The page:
The difference between AVAILABLE_SPENDABLE and AVAILABLE variants is whether the wallet considers outputs for which it does not have the keys. In a “watching wallet”, the wallet may be tracking the balance of another wallet elsewhere by watching for the public keys. By default, watched addresses/scripts/keys are considered to be a part of the balance even though attempting to spend those outputs would fail. The only time these two notions of balance differ is if you have a mix of private keys and public-only keys in your wallet: this can occur when writing advanced contracts based applications but otherwise should never crop up.

Using fees

Transactions can have fees attached to them when they are completed by the wallet. To control this, the SendRequest object has several fields that can be used. The simplest is SendRequest.fee which is an absolute override. If set, that is the fee that will be attached. A more useful field is SendRequest.feePerKb which allows you to scale the final fee with the size of the completed transaction. When block space is limited, miners decide ranking by fee-per-1000-bytes so typically you do want to pay more for larger transactions, otherwise you may fall below miners fee thresholds.

There are also some fee rules in place intended to avoid cheap flooding attacks. Most notably, any transaction that has an output of value less than 0.01 coins ($1) requires the min fee which is currently set to be 10,000 satoshis (0.0001 coins or at June 2013 exchange rates about $0.01). By default nodes will refuse to relay transactions that don’t meet that rule, although mining them is of course allowed. You can disable it and thus create transactions that may be un-relayable by changing SendRequest.ensureMinRequiredFee to false.

bitcoinj will by default ensure you always attach a small fee per kilobyte to each transaction regardless of whether one is technically necessary or not. The amount of fee used depends on the size of the transaction. You can find out what fee was attached by reading the fee field of SendRequest after completion. There are several reasons for why bitcoinj always sets a fee by default:

Over time, it’d be nice to get back to a state where most transactions are free. However it will require some changes on the C++ and mining side along with careful co-ordinated rollouts.

Learning about changes

The wallet provides the WalletEventListener interface for learning about changes to its contents. You can derive from AbstractWalletEventListener to get a default implementation of these methods. You get callbacks on:

Saving the wallet at the right times

By default the Wallet is just an in-memory object, it won’t save by itself. You can use saveToFile() or saveToOutputStream() when you want to persist the wallet. It’s best to use saveToFile() if possible because this will write to a temporary file and then atomically rename it, giving you assurance that the wallet won’t be half-written or corrupted if something goes wrong half way through the saving process.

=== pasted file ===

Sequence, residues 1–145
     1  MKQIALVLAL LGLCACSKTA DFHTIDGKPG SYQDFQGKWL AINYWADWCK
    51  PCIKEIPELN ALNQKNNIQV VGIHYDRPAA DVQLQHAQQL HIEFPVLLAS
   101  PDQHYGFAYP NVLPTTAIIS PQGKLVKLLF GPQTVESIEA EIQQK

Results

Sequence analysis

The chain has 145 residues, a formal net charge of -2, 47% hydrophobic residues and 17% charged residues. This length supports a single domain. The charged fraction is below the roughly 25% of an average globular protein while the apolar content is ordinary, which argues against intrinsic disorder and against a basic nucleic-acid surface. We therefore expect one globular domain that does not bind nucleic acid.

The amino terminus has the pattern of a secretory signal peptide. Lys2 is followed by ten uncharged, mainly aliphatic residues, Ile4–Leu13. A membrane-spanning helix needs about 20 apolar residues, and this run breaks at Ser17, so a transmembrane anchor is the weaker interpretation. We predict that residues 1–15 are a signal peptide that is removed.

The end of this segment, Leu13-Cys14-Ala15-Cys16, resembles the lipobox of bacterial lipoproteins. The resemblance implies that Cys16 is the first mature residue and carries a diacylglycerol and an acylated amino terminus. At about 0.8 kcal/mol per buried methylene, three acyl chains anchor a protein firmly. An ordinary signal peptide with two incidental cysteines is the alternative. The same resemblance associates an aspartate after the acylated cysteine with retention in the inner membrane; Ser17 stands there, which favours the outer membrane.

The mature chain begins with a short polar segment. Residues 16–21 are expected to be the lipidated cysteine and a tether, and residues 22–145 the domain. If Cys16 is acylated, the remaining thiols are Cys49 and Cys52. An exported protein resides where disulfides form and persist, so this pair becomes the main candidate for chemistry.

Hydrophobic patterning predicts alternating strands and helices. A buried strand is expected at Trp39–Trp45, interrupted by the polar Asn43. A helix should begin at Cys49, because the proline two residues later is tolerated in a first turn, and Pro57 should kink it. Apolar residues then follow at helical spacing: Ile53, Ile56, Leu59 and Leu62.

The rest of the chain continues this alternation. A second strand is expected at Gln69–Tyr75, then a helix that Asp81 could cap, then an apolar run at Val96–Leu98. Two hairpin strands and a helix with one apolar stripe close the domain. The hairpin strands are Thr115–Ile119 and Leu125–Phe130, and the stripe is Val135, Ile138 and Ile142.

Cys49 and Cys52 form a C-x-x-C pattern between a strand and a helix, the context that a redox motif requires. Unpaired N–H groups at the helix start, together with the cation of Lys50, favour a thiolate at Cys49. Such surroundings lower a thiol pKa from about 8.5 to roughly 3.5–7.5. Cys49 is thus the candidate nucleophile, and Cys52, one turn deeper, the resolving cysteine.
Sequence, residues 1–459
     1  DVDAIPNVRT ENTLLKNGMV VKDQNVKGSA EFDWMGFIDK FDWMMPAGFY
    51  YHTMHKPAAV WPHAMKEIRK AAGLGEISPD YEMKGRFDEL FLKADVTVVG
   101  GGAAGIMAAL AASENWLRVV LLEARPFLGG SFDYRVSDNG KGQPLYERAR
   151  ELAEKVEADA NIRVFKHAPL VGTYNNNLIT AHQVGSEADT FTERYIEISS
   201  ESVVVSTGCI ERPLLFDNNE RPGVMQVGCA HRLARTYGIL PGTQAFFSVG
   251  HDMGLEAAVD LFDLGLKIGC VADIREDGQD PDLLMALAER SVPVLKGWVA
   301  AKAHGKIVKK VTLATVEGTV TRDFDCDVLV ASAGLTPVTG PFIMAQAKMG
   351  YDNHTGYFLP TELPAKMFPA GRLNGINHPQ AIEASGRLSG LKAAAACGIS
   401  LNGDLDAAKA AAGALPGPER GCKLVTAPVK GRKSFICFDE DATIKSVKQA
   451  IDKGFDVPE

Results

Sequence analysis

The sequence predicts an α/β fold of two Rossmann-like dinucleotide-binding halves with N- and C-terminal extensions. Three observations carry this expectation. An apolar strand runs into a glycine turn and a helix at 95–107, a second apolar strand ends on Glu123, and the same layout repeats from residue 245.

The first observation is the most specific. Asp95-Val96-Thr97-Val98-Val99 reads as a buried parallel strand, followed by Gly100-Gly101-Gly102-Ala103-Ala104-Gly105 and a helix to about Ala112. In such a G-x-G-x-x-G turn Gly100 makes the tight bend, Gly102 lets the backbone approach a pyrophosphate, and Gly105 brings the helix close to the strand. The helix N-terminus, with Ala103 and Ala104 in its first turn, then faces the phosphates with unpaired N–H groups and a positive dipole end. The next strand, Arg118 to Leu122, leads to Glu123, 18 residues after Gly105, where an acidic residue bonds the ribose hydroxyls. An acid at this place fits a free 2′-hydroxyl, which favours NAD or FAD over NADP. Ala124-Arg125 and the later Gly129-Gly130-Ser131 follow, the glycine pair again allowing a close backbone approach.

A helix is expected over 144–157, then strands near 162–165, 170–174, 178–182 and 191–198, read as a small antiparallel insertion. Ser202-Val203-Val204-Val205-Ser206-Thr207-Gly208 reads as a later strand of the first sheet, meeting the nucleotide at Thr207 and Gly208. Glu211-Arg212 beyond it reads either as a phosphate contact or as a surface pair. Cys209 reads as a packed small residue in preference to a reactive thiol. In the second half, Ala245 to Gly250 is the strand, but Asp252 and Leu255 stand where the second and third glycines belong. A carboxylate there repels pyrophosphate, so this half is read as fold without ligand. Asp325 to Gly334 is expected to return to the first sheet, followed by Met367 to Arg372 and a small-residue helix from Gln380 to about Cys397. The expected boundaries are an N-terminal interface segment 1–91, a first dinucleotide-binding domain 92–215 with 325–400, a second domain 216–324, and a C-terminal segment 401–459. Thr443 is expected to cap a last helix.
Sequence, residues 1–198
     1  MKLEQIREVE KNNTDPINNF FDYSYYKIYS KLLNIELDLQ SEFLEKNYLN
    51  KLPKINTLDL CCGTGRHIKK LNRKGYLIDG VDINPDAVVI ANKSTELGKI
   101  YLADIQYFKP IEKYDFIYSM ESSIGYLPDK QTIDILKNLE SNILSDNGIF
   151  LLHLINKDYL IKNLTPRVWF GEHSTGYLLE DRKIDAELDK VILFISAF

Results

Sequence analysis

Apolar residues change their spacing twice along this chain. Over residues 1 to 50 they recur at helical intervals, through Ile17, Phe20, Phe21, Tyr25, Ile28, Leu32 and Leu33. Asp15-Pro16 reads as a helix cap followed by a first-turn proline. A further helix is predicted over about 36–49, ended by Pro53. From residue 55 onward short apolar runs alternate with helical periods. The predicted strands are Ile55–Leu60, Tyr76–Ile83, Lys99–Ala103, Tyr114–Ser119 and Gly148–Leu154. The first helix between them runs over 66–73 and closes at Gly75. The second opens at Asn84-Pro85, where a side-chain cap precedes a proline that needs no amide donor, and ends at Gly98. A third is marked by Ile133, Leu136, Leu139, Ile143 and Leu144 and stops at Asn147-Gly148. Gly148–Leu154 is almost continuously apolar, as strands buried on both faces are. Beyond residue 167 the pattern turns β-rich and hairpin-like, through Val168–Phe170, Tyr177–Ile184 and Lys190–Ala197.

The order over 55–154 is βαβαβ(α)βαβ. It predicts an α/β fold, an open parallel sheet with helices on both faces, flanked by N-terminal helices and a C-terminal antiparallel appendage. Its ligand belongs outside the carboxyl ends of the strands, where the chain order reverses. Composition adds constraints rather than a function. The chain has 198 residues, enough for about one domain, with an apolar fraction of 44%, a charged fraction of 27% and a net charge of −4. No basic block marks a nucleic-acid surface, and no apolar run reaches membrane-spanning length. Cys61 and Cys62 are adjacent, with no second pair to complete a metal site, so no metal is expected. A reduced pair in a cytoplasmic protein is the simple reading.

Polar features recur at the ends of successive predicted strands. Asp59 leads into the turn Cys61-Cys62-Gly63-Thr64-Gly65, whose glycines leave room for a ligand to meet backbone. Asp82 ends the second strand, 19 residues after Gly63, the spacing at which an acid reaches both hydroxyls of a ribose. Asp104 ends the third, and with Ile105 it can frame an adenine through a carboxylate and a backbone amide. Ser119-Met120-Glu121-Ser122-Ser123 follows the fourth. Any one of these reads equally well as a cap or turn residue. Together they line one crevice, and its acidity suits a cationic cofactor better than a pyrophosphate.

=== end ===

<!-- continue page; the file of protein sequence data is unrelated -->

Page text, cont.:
It can be difficult to know exactly when to save the wallet, and if you do it too aggressively you can negatively affect the performance of your app. To help solve this, the wallet can auto-save itself to a named file. Use the autoSaveToFile() method to set this up. You can optionally provide a delay period, eg, of a few hundred milliseconds. This will create a background thread that saves the wallet every N milliseconds if it needs saving. Note that some important operations, like adding a key, always trigger an immediate auto-save. Delaying writes of the wallet can help improve performance in some cases, eg, if you’re catching up a wallet that is very busy (has lots of transactions moving in and out). You can register an auto-save listener to learn when the wallet saved itself.

Wallet maintenance and key rotation

The wallet has a notion of maintenance, which currently exists purely to support key rotation. Key rotation is useful when you believe some keys might be weak or compromised and want to stop using them. The wallet knows how to create a fresh HD key hierarchy and create spends that automatically move coins from rotating keys to the new keys. To start this process, you tell the wallet the time at which you believe the existing keys became weak, and then use the doMaintenance(KeyParameter, boolean) method to obtain transactions that move coins to the fresh keys. Note that you can’t mark individual keys as weak, only groups based on their creation time.

Examples of when this can be useful:

The doMaintenance method takes the users password key if there is one, and a boolean controlling whether the needed maintenance transactions will actually be broadcast on the network. It returns a future that completes either immediately (if the bool argument was false), or when all maintenance transactions have broadcast, and the future vends a list of the transactions that were created. The method might potentially throw an exception if it needs the users password key, even if the bool argument is false, so you should be ready to catch that and ask the user to provide their password - probably with an explanation of why. If no exception is thrown and the argument is false, you can use get() on the returned future to obtain the list and then check if it’s empty. If it’s empty, no maintenance is required. If it’s not, you need to tell the user what’s going on and let it broadcast the transactions.